A lesson with Derby winner Phillip Miller

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When we ran an exclusive Hickstead Derby Community competition to win a lesson with the 2013 Derby winner Phillip Miller, we had a great response. In the end, we selected 25-year-old Jodine Brooks from Kent and her seven-year-old Dutch gelding, Camorasun.

"I've ridden all my life and done everything from grooming, breaking and training horses," explains Jodine. "I got Camorasun - known as Henry - when he was a five-year-old and I have competed him from British Novice level up to his first 1.30m this April, and I'm very excited to bring him back to compete at Hickstead again this year. I've even delayed my honeymoon so I can make it to this year's shows!"


Jodine has the use of the Bunn Leisure Arena for her lesson, which is also home to the All England Polo Club during the winter months. Phillip Miller asks Jodine to start walking around to get Henry used to the surroundings, and asks what she'd like to focus on during the lesson. "I'd love to get some more experience of jumping bigger courses," says Jodine. "He can be lively, so it's hard to keep a good canter rhythm when he's getting excited. He's a confident horse but he's very sensitive and sweet, so it's mostly a case of keeping him calm. I've had a few offers from people wanting to buy him, but I want to keep him!"


Watching Henry walk around, Phillip can see why he's attracted attention.  "I can see why people would like him," he says. "If he jumps like he moves, I'd take him home! He has a free, loose trot and he's a lovely stamp of a horse."  On the flat Jodine moves up into canter, and Henry executes a perfect flying change when asked to change the rein. "You've done a really good job of producing him," says Phillip. He notices that Jodine is making lots of small adjustments. "As he's warming up, don't worry too much about his head carriage or way of going. Think of looking up, sitting more upright and see if he'll relax underneath you."


He asks them to ride into a more forward canter along the long side of the arena, then collect at the corner by sitting more upright through the body instead of using the rein aids - and then allow with the hand and to encourage Henry to go forward again. "It's good that he lengthens his stride rather than rushes," praises Phillip. Jodine explains she can lose impulsion on the turns, so Phillip asks her to ride her normal showjumping canter and then turn on to a small circle, to work on replicating the forward feeling while turning. He also gets them to ride an exercise where they turn down the three-quarter line and stay totally straight, without drifting - this is a really handy test of straightness.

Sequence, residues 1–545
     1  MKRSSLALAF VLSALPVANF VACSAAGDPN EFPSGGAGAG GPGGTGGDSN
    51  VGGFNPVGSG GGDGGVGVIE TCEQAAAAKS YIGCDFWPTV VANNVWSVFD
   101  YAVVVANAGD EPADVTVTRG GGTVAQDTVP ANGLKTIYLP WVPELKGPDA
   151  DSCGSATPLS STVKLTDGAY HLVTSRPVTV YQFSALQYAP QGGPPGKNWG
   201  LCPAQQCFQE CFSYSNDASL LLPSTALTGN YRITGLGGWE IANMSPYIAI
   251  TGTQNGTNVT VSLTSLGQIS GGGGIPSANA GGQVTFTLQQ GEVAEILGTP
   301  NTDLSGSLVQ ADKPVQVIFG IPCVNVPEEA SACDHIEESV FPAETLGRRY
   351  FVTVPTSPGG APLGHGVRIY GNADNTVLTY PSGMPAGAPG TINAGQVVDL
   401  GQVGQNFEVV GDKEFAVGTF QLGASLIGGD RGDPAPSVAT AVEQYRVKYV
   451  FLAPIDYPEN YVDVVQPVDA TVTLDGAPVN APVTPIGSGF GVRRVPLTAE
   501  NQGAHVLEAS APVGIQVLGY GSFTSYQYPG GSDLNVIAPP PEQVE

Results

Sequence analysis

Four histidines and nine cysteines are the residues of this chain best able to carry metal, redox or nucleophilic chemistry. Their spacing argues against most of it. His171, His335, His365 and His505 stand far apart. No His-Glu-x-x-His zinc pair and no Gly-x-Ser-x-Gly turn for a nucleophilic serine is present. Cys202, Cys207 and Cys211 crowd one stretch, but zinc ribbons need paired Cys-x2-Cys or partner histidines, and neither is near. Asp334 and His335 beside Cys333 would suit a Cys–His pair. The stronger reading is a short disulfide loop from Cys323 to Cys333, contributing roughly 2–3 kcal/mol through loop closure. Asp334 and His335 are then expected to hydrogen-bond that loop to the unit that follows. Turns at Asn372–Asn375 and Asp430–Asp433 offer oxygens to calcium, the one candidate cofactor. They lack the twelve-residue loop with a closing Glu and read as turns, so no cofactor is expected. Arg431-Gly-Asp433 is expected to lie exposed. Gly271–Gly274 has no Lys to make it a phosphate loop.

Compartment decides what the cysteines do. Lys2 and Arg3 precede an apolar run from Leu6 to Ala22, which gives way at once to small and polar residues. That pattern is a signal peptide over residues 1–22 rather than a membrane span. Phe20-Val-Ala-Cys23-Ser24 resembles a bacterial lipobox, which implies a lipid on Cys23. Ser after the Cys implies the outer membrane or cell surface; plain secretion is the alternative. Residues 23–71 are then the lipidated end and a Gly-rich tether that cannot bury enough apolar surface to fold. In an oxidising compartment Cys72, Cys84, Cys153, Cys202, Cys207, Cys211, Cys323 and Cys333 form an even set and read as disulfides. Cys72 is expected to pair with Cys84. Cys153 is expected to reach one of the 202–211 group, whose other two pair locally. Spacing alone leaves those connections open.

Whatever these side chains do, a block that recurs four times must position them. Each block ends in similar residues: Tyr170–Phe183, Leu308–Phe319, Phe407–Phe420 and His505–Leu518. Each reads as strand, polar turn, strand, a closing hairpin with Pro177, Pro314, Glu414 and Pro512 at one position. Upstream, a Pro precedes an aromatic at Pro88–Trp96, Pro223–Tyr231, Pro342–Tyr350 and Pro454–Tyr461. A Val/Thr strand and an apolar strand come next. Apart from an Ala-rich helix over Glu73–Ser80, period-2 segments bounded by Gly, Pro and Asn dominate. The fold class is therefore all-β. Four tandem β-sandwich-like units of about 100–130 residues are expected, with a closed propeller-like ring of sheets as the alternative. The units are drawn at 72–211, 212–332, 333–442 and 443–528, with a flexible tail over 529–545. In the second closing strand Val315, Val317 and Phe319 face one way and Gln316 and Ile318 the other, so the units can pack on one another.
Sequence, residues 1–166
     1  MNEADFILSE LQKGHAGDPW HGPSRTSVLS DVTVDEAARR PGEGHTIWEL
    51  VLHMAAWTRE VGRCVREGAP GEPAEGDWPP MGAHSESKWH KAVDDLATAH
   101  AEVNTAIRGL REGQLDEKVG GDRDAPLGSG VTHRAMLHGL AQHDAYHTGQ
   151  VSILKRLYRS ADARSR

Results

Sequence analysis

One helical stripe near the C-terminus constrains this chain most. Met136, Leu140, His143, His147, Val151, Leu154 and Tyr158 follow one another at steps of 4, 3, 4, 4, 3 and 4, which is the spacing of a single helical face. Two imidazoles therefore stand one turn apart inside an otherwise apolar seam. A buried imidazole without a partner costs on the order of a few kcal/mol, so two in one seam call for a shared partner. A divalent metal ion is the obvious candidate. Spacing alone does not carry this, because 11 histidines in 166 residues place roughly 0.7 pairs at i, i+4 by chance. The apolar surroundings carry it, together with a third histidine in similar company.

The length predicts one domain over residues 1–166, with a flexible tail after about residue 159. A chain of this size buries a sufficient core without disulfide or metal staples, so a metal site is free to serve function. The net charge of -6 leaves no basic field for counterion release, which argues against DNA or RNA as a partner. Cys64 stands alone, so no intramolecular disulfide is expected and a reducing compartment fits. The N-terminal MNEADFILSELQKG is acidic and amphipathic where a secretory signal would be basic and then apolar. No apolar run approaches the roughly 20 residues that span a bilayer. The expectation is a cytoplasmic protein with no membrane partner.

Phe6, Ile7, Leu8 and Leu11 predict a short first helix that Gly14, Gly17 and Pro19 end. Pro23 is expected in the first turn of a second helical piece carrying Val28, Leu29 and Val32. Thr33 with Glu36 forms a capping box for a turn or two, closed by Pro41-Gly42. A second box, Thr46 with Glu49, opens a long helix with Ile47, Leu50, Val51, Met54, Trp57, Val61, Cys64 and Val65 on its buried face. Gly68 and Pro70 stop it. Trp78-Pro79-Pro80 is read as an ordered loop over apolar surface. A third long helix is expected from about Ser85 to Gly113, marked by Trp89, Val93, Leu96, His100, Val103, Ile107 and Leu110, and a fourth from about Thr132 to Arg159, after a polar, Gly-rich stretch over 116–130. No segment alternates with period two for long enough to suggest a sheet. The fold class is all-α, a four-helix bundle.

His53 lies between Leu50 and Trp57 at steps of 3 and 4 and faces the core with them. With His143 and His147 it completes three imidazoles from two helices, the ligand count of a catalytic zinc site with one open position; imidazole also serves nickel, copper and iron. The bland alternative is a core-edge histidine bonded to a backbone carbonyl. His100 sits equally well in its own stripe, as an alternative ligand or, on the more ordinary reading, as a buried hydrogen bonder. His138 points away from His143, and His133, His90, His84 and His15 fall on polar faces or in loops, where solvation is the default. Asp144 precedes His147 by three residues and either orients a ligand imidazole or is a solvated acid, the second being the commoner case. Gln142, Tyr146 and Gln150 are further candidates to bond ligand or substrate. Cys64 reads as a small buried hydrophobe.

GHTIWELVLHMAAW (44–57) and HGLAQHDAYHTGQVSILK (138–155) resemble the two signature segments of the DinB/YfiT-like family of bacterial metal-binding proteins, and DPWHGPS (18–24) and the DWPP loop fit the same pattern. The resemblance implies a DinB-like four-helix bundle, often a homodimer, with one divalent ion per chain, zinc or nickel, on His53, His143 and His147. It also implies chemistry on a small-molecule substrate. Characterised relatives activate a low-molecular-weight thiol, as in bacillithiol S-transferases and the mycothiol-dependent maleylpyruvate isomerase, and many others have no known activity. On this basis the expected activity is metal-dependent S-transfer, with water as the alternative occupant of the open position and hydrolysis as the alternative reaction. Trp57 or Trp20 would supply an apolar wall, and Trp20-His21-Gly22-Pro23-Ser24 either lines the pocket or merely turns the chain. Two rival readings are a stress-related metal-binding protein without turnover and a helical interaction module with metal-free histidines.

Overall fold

As they start with a small cross-pole in trot, Phillip reminds Jodine to stay relaxed and not change anything now that they've begun to jump. Henry is keen to get on with his job so Phillip reminds the rider to slow the approach down fractionally, by keeping her shoulders upright. "Because he's a naturally forward horse, if you lean forward it encourages him to be quicker," he says. Phillip then changes the fence to an upright and places v-poles on the top pole, which will encourage Henry to lift up through the shoulders and be neater in front.


As they move on to a fillers fence, Henry puts in a very uncharacteristic stop. "If he goes spooky, don't panic. Just sit up, keep the leg on and channel him to the fence," says Phillip. Soon he's popping over various fences nicely, so Phillip asks them to do an exercise on the left rein where they do a tight turn left away from the side of the arena and come down to an upright just off the track, making sure they maintain the canter on the turn.


The pair moves on to a course, and work on putting into practise their earlier work of rhythm, a controlled approach and balanced turns. They finish with a lovely clear round over various uprights and spreads, including a double. "That was great," says Phillip. "He's neater in his jump when the fences are bigger. You've done an amazing job producing him, and good luck at this year's Hickstead shows."